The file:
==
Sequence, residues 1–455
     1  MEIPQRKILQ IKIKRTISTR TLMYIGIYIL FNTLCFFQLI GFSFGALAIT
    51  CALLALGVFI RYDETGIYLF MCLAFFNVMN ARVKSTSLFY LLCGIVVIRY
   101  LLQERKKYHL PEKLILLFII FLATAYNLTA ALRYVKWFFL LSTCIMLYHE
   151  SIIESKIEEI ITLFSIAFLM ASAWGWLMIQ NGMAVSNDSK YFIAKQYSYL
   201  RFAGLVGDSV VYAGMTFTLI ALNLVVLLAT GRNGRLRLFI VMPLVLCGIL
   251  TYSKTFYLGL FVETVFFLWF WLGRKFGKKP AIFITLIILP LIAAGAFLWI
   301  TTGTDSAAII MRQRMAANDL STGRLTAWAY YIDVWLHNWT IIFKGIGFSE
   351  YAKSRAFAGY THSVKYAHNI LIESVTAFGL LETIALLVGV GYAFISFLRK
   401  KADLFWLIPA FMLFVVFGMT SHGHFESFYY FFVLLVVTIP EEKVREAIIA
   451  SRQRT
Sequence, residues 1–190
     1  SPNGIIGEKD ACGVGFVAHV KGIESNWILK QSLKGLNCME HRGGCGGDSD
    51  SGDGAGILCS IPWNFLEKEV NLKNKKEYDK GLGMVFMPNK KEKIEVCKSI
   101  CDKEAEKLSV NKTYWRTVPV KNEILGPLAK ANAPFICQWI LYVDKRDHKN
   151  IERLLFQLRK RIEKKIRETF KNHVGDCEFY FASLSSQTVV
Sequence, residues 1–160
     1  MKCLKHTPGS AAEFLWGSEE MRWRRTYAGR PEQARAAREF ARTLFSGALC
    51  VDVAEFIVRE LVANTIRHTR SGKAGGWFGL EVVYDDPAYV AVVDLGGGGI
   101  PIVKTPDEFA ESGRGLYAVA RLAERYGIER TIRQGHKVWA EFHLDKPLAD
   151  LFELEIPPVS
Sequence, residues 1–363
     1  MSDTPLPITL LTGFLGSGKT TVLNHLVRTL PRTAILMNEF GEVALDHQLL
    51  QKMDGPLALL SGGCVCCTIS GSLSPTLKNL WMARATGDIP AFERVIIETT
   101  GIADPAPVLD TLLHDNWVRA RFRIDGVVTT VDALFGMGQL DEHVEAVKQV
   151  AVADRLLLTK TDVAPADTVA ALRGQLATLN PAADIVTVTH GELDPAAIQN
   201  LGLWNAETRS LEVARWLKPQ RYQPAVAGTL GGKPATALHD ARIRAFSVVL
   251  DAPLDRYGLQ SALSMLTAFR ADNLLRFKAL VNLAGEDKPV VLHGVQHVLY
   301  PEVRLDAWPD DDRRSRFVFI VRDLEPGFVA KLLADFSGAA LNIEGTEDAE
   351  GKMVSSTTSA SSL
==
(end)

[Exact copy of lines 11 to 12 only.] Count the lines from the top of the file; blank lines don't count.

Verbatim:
   451  SRQRT
Sequence, residues 1–190